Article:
Three major changes for renters to be brought forward including BANNING 'no fault' evictions – what it means for you | The Sun

THREE major changes for renters are set to be brought forward, Michael Gove has confirmed.

The Levelling Up Secretary today blasted a "small but noxious minority" of landlords who don't treat tenants properly.

He vowed to bring forward legislation to "effectively deal" with the issue.

This legislation make up a Government White Paper which breaks down a "blueprint for renters".

The first of three major changes laid out in the white paper will see an end to section 21 no-fault evictions.

As it stands, the law means a landlord can ask you to move out without needing a valid reason if you're outside of a rental contract.

Many tenants live in fear of being evicted at short notice or continue to live in sub-standard accommodation because they are worried they'll be asked to leave if they complain about problems in their home.

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If section 21 is scrapped, landlords will still be able to end tenancies if they have a good reason, for example, if tenants don't pay rent or damage a property.

The second major change laid out in the paper would see notice periods doubled.

As it stands, landlords only have to give two months' notice before starting eviction proceedings.

But under Mr Gove's plan, should you be evicted for justified reasons, you will have twice as long to find a new place.

And tenants will be given stronger powers to challenge evictions if they are unjustified.

The third major policy change Brits can expect involves tenants being repaid rent for non-decent homes.

It is unclear exactly what this measure will entail, nor the factors which determine how unsuitable a home is.

But it could see Brits handed refunds on their rent if their home meets the necessary criteria over a long period of time.

What is the section 21 rule and what are your rights as a renter

THE law – known as Section 21 – means a landlord can ask you to move out with two months notice, without needing a particular reason.

  • The first step of every procedure is the section 21 notice – a letter of notification that the landlord must serve to the tenant, prior to the eviction. The notice to quit is purely informational and doesn’t carry any legal power.
  • If you’ve got a good relationship with your landlord, it might be worth asking them if you can stay in your home for longer. Send a letter to your landlord explaining your situation and keep a copy of any reply you get.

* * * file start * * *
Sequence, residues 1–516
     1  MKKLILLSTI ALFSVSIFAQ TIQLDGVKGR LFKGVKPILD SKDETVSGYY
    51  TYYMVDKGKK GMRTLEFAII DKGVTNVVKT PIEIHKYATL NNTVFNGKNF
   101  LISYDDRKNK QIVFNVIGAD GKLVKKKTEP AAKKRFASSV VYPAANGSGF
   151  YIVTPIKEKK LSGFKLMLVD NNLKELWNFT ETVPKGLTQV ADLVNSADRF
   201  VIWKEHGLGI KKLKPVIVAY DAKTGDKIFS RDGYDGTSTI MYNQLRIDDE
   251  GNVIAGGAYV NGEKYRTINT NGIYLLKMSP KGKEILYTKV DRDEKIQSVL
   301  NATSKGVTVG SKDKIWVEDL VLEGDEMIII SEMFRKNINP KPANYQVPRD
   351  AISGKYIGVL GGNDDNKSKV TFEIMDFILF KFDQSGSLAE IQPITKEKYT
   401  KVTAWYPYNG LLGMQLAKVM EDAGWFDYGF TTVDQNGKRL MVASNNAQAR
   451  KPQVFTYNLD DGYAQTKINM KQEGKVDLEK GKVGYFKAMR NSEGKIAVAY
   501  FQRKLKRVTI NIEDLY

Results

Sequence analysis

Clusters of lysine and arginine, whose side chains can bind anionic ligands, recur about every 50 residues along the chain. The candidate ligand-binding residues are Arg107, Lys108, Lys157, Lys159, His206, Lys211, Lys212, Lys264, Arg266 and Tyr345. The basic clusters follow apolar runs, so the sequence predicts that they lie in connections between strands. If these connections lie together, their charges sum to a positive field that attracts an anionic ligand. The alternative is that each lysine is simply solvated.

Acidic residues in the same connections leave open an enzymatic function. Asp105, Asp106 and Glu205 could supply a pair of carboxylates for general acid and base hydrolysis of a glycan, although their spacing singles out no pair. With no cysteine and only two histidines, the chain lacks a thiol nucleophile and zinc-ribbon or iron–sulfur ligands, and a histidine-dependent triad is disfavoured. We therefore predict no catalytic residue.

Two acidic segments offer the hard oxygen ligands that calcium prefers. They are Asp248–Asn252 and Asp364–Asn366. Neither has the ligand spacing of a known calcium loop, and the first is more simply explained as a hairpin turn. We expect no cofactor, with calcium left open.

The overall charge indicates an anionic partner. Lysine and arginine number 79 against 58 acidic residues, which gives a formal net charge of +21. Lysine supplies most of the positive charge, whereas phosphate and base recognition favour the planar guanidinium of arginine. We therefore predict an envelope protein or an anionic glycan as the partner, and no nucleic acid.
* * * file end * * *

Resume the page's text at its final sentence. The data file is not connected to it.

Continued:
• Your landlord can’t make you leave your home unless they’ve gone to court to get a possession order and a warrant for eviction.
  • You might be able to challenge your eviction and stay in your home.
  • A section 8 notice can require you to move sooner, but can only be served if the landlord has a reason, such as you breaking the terms of your tenancy.
  • New rules introduced in October 2015 have made it harder to evict you for reporting problems with the property.
  • If you’re asked to leave because you’ve asked for repairs then you should see advice immediately.
  • You can find more tips on how to challenge your eviction on Citizens Advice.

White papers are policy documents the Government produces that set out their proposals for future laws.

They provide the basis for future legislation – and are not laws yet.

But today, Mr Gove confirmed he would "bring forward" future legislation to effectively deal with rogue landlords.

He told the BBC's Sunday With Laura Kuenssberg: "Before I left government in the summer, we had put in place plans both to deal with social landlords that are not doing their job effectively, and also to deal with the very small but noxious minority of private landlords who are not treating their tenants properly.

"We will bring forward that legislation to deal effectively with them."

He also said the Government remains committed to its target of building 300,000 new homes a year.


The Conservative Party's 2019 manifesto pledged to "continue progress towards our target of 300,000 homes year by the mid-2020s".

Meanwhile, Mr Gove said "targeted support" is on the table for Brits struggling to afford to pay their private landlord.

While he wouldn't be pressed on the specific support available to renters, he said a "range of options" are being looked at by ministers.

Laura Kuenssberg quizzed Mr Gove on whether Brits would get help paying their rent as landlords across Britain hike up prices.

He replied: "Well we know people in private rented sector and in social rented sector are facing tough times.

"We are looking at a range of options to help them. It could mean targeted support for all sorts of people who are in difficulty.

"I can't anticipate specific support. There are people in all sorts of difficult economic circumstances.

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"Rent is going to be one of the challenges people will face. We also have food price inflation, we have already had support for people facing rising energy prices…

"There are different ways of supporting people, whether that's through universal credit, the tax system, or direct support."

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